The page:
Here we’ve got two different sides of the same coin, because the things that make this movie the classic that it is today are the same things that made it so deplorable at its time of release. “The Wild Bunch” stood out from its contemporaries by featuring hard hitting and stylized violence. Although techniques like slow-motion were considered innovative and have been utilized ever since, at the time it was far too jarring and visceral for audience members to handle. As a result, “The Wild Bunch” has since been compared to ‘Pulp Fiction’ and ‘Citizen Kane’.

#8: “Fight Club” (1999)

If “Fight Club” is anything, it’s provocative. It bizarrely manages to strike a balance between pavement-level grounded and borderline absurd, all while deftly telling the story of a man who’s been pushed over the edge of societal norms to break with reality. A movie like that is pretty weird, and needless to say, not everyone… got it. As if it wasn’t bizarre enough, the scenes of raw animalistic violence and something about getting covered in human fat were enough to push people over the edge. “Fight Club”’s awesome; it’s just not for everyone.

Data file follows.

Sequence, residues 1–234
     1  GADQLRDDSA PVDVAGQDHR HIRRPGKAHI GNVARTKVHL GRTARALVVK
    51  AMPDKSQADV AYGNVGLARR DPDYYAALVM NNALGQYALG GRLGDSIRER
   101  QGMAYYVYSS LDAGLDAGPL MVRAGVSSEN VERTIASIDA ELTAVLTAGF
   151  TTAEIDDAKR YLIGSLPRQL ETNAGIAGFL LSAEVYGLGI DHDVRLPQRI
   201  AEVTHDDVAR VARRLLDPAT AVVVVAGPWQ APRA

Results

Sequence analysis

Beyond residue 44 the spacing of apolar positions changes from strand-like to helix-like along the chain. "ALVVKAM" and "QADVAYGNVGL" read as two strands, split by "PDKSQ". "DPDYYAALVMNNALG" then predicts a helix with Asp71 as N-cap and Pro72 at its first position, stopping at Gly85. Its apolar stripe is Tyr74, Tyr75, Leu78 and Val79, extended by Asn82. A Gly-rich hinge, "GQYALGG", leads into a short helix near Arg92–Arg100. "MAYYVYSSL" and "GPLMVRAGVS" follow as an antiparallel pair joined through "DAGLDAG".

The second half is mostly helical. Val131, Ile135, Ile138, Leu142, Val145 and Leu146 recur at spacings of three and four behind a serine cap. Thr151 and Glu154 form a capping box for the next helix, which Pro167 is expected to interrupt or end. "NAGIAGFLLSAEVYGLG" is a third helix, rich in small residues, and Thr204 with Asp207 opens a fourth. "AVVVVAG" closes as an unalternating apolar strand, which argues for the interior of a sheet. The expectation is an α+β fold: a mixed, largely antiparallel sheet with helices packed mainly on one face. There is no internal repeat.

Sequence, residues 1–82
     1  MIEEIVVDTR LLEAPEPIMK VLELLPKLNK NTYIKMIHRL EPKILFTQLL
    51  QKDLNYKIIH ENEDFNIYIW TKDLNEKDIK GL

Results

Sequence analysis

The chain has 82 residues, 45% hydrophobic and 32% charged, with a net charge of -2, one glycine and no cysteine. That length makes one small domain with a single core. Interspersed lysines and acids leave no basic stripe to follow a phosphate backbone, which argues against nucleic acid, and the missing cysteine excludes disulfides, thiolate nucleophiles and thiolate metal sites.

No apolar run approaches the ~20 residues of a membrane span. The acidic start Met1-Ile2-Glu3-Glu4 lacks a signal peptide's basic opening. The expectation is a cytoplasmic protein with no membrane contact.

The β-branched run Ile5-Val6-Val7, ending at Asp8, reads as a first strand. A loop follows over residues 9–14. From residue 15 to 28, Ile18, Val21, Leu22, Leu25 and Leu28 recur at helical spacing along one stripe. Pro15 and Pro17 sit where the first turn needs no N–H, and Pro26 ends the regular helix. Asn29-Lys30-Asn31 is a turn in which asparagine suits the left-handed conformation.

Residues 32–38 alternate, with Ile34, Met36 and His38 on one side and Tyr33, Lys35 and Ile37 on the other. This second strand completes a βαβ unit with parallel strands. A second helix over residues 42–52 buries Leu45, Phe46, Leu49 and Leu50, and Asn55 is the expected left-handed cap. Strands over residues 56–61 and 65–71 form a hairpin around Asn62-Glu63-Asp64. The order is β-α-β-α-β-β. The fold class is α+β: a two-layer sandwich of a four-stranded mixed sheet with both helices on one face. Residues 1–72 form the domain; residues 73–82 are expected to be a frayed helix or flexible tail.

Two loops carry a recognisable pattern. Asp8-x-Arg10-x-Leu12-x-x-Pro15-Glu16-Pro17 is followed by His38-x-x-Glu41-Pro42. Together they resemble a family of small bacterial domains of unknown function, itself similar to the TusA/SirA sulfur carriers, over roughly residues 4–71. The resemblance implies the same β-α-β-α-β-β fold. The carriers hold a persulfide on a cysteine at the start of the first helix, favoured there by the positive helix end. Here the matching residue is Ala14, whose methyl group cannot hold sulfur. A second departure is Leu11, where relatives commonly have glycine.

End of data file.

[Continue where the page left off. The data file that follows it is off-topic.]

#7: “The Revenant” (2015)

Leo worked hard for his Oscar, and Alejandro G. Iñárritu is a genius, but “The Revenant” is pretty much just two and a half hours of a guy trying not to die. It’s a harrowing journey that explores the limits of a man and how far he will go to not only survive, but take revenge. It has got some scenes that are hard to watch, but the real kicker is the bear attack scene, which like the rest of the film strives for realism in the most gut-wrenching fashion possible. For some, watching a bear rip into Leo was just too much.

#6: “The Walk” (2015)